Instagram has made a surprising announcement that will have big implications for photographers and anyone who uses its built-in 'share' function: it does not grant sublicenses to users for embedded images. The revelation comes amid lawsuits over embedded Instagram posts and allegations that embedding without permission or a license constitutes copyright infringement.

Instagram features a share button that, among other things, enables users to embed public posts on other sites. This is a common way to include social media content in an article or blog post, but that may change with the bombshell announcement from Instagram. In a statement to Ars Technica, Instagram's parent company Facebook said that despite the fact that 'while our terms allow us to grant a sub-license, we do not grant one for our embeds API.'

The company went on to state that users must get permission to embed the image from the copyright holder, this despite the fact that Instagram offers the embed function on all public images and does not allow individual users to disable the sharing option.

In light of this, users who embed Instagram posts without first getting permission or a license from the photographer may face a copyright lawsuit. We've seen two cases of this issue appear in court in recent months, one involving digital media website Mashable and, more recently, another involving Newsweek.

In the first case, photographer Stephanie Sinclair filed a copyright lawsuit against Mashable after it embedded one of her Instagram posts without permission. The court ultimately sided with Mashable and ruled that Instagram's terms allowed it to grant a sublicense for images. In the Newsweek case, however, the court sided with photographer Elliot McGucken and found that more details are needed to determine whether Instagram's terms cover sublicenses for embedded images.

In the Newsweek case, Judge Katherine Failla references the Mashable ruling, stating:

'The Court finds Judge Wood’s decision to be well-reasoned and sees little cause to disagree with that court’s reading of Instagram’s Terms of Use and other policies ... The Terms of Use unequivocally grant Instagram a license to sublicense Plaintiff’s publicly posted content ... Nevertheless, the Court cannot dismiss Plaintiff’s claims based on this licensing theory at this stage in the litigation ... there is no evidence before the Court of a sublicense between Instagram and Defendant ... Although Instagram’s various terms and policies clearly foresee the possibility of entities such as Defendant using web embeds to share other users’ content ... none of them expressly grants a sublicense to those who embed publicly posted content.'

Ars Technica contacted Facebook to find out whether its sublicense terms cover embedded images — and the company says it does not. The revelation was very surprising and will fundamentally change the way users share Instagram posts, though it is a win for professional photographers who are frustrated over how the platform currently operates.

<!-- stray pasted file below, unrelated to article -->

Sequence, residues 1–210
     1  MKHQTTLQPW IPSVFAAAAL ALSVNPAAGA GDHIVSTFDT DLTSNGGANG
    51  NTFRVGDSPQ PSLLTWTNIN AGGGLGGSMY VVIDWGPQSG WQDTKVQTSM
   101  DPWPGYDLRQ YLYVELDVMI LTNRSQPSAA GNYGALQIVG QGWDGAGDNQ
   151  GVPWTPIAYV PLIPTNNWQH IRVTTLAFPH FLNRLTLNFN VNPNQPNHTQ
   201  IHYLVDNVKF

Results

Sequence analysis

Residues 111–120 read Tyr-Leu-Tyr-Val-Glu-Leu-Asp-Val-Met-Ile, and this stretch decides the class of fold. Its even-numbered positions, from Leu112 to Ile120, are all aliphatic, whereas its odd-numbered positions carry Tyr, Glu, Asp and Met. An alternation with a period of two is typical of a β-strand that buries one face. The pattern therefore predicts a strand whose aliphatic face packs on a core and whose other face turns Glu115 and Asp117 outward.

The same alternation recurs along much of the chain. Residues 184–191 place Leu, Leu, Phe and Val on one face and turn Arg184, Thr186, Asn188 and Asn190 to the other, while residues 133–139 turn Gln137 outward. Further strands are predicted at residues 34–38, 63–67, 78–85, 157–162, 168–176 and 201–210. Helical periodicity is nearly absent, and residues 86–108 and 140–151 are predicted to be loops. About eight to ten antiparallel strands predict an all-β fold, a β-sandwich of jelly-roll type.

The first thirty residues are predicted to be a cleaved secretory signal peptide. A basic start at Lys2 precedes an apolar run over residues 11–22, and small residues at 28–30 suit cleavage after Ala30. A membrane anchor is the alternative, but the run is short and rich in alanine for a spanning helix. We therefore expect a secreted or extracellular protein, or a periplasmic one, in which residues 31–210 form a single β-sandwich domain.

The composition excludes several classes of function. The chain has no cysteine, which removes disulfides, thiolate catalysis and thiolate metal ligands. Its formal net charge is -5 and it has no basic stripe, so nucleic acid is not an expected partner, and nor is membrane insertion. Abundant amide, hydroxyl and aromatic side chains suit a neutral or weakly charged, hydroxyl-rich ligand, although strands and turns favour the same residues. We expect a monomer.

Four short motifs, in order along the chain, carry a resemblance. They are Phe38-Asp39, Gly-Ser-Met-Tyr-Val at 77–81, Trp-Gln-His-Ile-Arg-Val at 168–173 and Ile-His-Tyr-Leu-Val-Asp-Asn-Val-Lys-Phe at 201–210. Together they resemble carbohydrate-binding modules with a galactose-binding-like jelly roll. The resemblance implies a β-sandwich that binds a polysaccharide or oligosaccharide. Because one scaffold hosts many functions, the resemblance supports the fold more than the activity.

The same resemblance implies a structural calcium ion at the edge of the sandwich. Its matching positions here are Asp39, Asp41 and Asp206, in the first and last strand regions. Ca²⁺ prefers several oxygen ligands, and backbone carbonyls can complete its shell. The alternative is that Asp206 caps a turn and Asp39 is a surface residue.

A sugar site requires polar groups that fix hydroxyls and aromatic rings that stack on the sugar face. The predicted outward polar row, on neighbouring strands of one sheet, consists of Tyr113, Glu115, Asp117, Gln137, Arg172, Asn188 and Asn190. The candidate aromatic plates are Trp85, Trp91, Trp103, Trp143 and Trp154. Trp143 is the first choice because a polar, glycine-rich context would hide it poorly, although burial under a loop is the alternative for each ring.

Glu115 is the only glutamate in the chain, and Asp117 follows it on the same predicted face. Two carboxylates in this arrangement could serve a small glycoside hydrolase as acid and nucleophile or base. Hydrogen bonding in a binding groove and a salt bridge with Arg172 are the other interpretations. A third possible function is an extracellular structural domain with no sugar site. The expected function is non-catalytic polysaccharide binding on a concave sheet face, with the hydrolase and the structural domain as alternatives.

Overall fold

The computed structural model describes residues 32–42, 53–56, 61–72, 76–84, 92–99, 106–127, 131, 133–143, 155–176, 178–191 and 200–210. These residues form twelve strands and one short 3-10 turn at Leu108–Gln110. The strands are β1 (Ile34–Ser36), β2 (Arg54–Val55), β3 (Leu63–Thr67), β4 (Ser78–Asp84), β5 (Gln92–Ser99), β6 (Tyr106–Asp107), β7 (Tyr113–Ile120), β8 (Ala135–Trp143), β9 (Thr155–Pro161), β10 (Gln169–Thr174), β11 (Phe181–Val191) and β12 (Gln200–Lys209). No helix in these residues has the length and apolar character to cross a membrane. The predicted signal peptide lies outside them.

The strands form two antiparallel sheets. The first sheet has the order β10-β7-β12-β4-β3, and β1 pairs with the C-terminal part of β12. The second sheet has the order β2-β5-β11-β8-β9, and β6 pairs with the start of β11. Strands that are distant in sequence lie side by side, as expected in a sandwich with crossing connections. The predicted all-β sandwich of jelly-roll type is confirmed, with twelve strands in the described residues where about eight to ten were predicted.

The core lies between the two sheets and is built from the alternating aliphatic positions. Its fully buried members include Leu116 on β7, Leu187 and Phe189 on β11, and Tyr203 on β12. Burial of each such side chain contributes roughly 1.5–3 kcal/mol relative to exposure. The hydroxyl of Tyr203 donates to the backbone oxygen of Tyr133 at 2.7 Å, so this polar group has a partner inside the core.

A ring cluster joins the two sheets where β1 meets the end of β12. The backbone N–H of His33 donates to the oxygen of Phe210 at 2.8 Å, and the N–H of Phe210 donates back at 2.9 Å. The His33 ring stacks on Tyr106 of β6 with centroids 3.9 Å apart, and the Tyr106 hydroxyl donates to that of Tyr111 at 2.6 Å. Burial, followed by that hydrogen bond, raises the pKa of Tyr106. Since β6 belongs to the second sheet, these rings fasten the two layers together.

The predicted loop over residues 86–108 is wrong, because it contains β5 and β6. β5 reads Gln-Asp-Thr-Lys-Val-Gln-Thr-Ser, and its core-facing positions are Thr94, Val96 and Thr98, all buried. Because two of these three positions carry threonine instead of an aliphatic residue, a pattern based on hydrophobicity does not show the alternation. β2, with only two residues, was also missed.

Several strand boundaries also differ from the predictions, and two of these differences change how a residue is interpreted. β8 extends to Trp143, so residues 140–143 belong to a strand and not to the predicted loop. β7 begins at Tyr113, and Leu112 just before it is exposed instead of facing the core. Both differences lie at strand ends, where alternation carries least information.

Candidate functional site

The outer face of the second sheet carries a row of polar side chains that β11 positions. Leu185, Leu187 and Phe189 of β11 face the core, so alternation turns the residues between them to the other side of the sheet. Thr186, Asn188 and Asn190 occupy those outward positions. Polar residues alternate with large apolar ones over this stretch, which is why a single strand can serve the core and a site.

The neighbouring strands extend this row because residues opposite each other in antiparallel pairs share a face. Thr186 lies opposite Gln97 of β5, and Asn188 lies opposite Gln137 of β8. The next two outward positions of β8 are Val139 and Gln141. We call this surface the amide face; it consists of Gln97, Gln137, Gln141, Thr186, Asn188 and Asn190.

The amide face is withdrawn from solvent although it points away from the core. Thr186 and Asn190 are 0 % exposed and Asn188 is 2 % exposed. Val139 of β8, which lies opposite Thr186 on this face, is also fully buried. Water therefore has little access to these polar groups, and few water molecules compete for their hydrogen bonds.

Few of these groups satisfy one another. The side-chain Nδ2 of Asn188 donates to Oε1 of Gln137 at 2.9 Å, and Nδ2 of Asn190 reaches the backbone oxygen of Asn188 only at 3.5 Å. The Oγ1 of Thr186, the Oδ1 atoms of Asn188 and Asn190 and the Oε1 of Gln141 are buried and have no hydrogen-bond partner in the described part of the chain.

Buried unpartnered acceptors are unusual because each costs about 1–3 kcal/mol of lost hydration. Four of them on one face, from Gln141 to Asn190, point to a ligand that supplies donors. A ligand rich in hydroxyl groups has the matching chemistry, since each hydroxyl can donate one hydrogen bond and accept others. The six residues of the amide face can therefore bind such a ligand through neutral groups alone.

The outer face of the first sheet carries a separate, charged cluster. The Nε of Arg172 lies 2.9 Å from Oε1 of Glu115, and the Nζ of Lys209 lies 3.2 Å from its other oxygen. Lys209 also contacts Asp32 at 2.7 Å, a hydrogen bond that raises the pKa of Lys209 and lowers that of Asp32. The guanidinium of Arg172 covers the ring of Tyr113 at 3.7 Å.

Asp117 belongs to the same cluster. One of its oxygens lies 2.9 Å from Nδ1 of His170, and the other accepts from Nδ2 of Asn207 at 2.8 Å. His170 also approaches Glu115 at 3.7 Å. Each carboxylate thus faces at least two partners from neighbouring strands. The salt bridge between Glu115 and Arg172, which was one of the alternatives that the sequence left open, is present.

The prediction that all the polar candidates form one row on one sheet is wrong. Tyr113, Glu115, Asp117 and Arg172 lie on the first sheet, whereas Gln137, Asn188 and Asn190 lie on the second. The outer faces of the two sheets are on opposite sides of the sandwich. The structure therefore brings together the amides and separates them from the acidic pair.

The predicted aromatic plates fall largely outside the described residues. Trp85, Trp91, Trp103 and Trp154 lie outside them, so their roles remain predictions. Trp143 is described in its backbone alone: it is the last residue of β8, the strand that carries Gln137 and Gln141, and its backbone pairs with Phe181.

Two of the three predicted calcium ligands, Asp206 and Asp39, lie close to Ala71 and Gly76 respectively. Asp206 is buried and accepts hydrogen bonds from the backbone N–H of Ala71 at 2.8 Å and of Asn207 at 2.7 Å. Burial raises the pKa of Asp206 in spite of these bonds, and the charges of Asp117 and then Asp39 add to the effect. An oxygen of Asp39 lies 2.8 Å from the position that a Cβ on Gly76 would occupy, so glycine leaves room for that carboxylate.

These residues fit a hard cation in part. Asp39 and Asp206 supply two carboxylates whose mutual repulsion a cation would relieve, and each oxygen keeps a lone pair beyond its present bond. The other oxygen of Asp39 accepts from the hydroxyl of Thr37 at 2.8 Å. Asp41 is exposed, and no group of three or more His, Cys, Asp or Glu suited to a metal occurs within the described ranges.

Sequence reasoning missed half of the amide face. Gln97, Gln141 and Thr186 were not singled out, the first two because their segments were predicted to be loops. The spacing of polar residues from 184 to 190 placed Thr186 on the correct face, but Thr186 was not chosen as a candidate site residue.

As Sinclair pointed out in the Mashable lawsuit, Instagram is one of the most popular image-sharing websites, but it gives photographers little control over how their images are used: they can either make the images public and therefore open to embedding or make them private to restrict embedding, limiting the platform's usefulness for photographers seeking an audience.

With Facebook's public statement on Instagram's lack of sublicensing for embedded images, future copyright cases will not be able to follow in Mashable's footsteps. Instagram has been criticized for failing to give photographers more control over how their images are shared and this new revelation will likely add fuel to that fire.

Though users are warned when they embed an image that they must follow Instagram's terms, most are unlikely to actually read those terms and may not understand the intricacies of sublicensing and how it relates to embedded content. This would put unaware users at risk of copyright lawsuits for using the feature Instagram makes readily available.

In a statement to Ars Technica, Instagram said that it is 'exploring the possibility' of allowing photographers to control whether their images can be embedded...presumably without having to make their account private. It is far from certain whether this feature will actually be deployed, however, and how long it may take to introduce this additional control.

Whether Instagram's statement will have a far-reaching impact on copyright lawsuits and how content is shared on the Internet is yet to be seen, however. Questions remain over the 'server test' and whether Instagram, not its users, is liable for infringing use of its embed feature. It seems likely that Newsweek will appeal the judge's ruling with a server test defense, but only the future will tell how this all plays out.